"If your fear of a larger, bigger, badder Comcast is that we can't regulate them, now we have regulation. So there's no legal reason to withhold the merger," the equity analyst at Hudson Square Research said in a "Squawk Box" interview.
While one could argue the existence of a regulatory backstop makes it easier for the Justice Department to approve the deal, one could also take the FCC vote as emblematic of a negative environment for cable and broadband provider, said Craig Moffett, partner at research company MoffettNathanson.
"Either of those is as convincing as the other. I tend to come out a little bit more on the side of the latter, and that's why we lowered the probabilities because you can see the political winds are blowing in the face of this deal," Moffett told "Squawk Box."
Moffett puts the chances of the deal going through at 60-40, down from 80-20.
As expected Thursday, the FCC voted 3-2 along party lines to adopt the Obama administration's plan to regulate Internet providers under Title II of the 1934 Communications Act.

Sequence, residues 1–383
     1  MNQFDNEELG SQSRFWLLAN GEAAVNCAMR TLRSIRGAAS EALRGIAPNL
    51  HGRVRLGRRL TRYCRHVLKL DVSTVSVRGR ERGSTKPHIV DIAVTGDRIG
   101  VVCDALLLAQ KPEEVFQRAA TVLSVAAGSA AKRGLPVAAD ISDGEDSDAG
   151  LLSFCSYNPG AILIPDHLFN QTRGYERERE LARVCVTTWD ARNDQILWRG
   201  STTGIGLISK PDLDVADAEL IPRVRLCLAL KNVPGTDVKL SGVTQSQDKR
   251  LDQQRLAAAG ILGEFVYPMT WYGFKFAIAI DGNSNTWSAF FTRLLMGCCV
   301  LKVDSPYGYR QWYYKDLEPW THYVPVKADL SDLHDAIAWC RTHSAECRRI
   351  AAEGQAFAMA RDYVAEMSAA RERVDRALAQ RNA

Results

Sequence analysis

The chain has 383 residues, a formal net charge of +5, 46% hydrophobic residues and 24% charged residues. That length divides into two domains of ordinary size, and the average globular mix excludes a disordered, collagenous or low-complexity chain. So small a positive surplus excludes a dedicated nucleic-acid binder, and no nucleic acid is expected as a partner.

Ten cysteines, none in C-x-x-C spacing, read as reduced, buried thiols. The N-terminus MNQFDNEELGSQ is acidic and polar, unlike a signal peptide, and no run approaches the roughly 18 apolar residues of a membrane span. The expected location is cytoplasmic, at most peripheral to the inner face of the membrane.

Net neutrality is the policy of treating all Internet traffic equally, rather than blocking or imposing "tolls" on access to faster service.
Enshrining net neutrality in FCC rules gives the agency the ability to regulate the providers like telephone line operators. Among other things, the FCC will be able to prevent providers from blocking legal websites, slowing down traffic to specific sites or allowing faster access to other services, such as Netflix or Amazon Instant Video.
After all the debate over net neutrality, the vote to regulate service providers in accordance with the open Internet policy changes very little, according to Ernst
"I don't think anything changes," he said, noting that Comcast agreed to abide by the principles of net neutrality when it purchased CNBC-parent NBCUniversal.